I was reading an article about Chez Panisse’s fire because it was a big part of my life growing up, when I spotted an ad on the side of the blog page for a place called Phil’s Sliders. Actually, what I spotted were these square-shaped potato things (see above). What the heck were they? They looked so deliciously unlike any other fried potato-based food I had ever had in my mouth. Were they French fries? Tater tots? Other?
In the interest of fairness, I must mention that there is a very nice Frenchman called Grégoire frying some kick-ass potato puffs just around the corner from Chez. Gregoire is a wonder, cooking gourmet French food at affordable take-out prices in a kitchen the size of a garden shed (with some help from his sous chefs — he has expanded to two restaurants now so it’s no longer just a friendly, garrulous Frenchman frying in a shed). His puffs are amazing, light yet crunchy, savory and addicting. They are probably technically croquettes, a mash of potatoes that has been formed into a ball and flash-fried to crispy perfection. Yet in spite of the fact that I can smell the love usually about twice a day when I am driving by Grégoire (anything he makes with beef isn’t to be missed either), I never stop. The puffs are light going in but feel heavy afterwards. I think they may fry them in duck fat, which I am told is the best fat for frying, but definitely feels cumbersome in the gut.
Phil’s had to be investigated. I swung by downtown Berkeley post-dog hike and was able to park with such ease that fate had to be involved. Indeed, Phil’s potato tots turned out to be the most perfect potato snack I have ever eaten an entire order of while driving home. They are basically squares of hash brown that are fried into manageable bite-sized chunks. Why did no one ever think of this before? Did they? They are so vastly superior to the similar hand-potatoes you can get at the fast food restaurants before 10:30 a.m. that they are not really the same food. I’m sure the fact that McDonald’s and the like freeze theirs before frying is part of the difference. Phil’s tots are fried in canola oil, which explains why I could eat the better part of two orders and not collapse (plus two sliders and an order of their wonderful cole slaw). The rest of the menu is equally simple and perfect — tiny burgers made with succulent Marin Sun Farms grass fed beef or a Portabella mushroom burger, plus specials, that slaw, shakes made with homemade ice cream, homemade sodas and Coke. The day I was there, they were offering a vegan patty option as well.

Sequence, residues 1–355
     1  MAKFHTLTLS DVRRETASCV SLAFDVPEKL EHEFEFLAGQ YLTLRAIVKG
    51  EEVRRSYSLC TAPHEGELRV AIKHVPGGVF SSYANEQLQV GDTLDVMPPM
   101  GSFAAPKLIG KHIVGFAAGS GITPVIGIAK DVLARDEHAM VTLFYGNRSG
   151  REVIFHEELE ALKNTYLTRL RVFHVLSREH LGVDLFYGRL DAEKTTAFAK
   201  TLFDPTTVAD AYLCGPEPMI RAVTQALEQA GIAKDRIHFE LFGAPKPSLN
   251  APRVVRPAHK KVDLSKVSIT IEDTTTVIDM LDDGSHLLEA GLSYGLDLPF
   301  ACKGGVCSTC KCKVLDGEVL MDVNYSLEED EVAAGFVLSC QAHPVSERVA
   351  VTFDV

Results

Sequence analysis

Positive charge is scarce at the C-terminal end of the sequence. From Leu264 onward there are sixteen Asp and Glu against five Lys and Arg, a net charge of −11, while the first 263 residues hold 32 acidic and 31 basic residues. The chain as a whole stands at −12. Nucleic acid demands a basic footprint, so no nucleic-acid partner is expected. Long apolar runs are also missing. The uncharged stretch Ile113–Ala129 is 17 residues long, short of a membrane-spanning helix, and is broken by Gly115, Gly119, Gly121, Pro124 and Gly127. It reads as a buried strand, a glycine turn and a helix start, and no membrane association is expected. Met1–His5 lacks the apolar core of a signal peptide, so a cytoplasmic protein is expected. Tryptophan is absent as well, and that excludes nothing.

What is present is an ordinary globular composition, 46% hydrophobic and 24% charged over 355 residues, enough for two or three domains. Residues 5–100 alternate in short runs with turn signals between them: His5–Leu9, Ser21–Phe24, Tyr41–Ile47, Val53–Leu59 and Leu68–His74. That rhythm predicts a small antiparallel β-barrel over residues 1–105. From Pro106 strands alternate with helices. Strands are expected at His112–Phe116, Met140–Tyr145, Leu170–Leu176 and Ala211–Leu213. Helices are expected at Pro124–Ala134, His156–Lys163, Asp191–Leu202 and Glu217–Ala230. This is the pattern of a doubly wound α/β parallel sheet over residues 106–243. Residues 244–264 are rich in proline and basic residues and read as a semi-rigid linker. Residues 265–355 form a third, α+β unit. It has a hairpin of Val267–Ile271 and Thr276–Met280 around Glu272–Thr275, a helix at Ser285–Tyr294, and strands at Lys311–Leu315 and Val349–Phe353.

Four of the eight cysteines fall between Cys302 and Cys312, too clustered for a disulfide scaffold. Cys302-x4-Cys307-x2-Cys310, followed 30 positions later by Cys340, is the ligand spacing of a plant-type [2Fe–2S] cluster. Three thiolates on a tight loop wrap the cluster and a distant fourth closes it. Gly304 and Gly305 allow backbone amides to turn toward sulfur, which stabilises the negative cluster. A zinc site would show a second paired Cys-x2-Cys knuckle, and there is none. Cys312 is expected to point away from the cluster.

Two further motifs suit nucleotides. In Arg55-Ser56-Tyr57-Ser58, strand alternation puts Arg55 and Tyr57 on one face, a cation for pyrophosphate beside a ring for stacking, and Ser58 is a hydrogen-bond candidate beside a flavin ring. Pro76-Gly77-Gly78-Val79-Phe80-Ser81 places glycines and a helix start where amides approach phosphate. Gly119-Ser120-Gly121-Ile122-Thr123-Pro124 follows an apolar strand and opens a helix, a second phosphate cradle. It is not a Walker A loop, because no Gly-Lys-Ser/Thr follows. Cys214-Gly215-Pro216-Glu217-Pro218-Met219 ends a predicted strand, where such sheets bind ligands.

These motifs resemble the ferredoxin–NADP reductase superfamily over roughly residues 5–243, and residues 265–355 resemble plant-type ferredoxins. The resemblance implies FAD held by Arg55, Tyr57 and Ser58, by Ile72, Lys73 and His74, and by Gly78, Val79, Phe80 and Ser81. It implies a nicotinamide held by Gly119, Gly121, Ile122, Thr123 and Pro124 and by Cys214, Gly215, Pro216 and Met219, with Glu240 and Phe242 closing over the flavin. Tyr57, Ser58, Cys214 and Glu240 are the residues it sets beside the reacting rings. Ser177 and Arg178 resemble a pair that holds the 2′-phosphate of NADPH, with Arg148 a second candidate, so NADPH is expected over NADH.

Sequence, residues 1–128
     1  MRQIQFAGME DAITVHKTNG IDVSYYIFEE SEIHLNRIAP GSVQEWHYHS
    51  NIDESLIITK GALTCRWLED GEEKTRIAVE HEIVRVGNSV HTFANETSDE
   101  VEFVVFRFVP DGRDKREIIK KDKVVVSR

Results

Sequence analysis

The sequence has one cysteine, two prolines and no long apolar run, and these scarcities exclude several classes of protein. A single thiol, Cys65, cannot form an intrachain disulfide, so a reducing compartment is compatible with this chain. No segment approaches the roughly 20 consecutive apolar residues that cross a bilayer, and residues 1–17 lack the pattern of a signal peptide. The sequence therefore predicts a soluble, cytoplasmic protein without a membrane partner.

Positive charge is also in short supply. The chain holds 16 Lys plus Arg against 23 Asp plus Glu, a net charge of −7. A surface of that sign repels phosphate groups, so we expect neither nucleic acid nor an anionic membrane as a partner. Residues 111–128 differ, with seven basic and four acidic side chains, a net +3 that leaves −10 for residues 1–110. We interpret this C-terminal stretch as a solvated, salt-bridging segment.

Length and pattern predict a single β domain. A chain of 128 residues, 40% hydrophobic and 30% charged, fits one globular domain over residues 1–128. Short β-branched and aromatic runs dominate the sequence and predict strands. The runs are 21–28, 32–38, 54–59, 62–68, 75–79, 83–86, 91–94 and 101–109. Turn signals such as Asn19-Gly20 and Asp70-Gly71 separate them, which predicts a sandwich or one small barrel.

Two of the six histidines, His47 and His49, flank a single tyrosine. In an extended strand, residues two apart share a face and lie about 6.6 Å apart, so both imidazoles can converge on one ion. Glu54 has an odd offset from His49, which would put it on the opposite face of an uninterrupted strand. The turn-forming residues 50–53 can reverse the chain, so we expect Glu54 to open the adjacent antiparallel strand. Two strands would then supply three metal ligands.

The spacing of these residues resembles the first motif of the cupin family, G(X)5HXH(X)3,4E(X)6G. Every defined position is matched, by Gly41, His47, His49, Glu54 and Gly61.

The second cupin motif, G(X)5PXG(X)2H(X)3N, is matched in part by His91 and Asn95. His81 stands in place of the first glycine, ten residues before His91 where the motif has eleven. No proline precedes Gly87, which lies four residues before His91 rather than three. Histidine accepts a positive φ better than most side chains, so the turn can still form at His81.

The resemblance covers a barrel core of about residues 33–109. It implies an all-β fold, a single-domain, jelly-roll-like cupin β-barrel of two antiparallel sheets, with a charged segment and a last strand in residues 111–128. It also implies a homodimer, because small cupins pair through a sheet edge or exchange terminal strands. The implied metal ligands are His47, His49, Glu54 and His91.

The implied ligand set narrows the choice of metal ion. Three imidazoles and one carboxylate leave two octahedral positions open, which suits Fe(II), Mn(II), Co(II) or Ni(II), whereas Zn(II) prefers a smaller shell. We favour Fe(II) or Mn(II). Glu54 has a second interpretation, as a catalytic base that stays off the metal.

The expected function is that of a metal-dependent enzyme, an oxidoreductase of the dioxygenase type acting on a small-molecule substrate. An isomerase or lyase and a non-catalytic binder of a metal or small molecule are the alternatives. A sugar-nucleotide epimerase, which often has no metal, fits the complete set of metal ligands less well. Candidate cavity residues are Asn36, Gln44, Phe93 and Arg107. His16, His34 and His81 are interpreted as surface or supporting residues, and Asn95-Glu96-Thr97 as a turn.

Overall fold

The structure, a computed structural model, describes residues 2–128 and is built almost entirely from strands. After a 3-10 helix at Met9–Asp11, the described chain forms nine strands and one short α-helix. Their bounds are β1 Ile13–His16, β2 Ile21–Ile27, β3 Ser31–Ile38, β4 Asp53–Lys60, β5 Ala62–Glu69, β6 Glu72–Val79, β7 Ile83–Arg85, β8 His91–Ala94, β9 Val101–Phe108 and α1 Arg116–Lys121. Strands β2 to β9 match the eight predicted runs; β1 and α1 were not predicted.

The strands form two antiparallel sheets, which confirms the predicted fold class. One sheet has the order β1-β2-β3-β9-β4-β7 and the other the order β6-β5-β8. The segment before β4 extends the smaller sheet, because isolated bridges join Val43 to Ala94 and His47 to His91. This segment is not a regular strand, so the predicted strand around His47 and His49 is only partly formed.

And speaking of shoehorning a chatty Frenchman into a post about Phil’s, the second act of my script is causing me to introduce more characters. I try not to have more characters than I can pay off and keep things streamlined, having read far too many first-timer scripts that are packed to the gills with people who have no purpose. On the other hand, when the writing process is in full thrust, it’s better not to prune yet. There is plenty of time to cut (or combine) people later if they end up as dead weight. The last thing you want to do when you are in the tender throes of the deadly second act is to curtail your creativity. The excess characters stay — for now. As long as you keep your eye on who the story is really about and keep moving forward, feel free to introduce a man who looks like a giant egg and name him Earl. Or don’t. Because Earl is mine!
I would head for Phil’s right now and do a little potato procrastination, except parking downtown is never easy on a weekday so I won’t become a tots-a-holic and lose what little I have left. Right?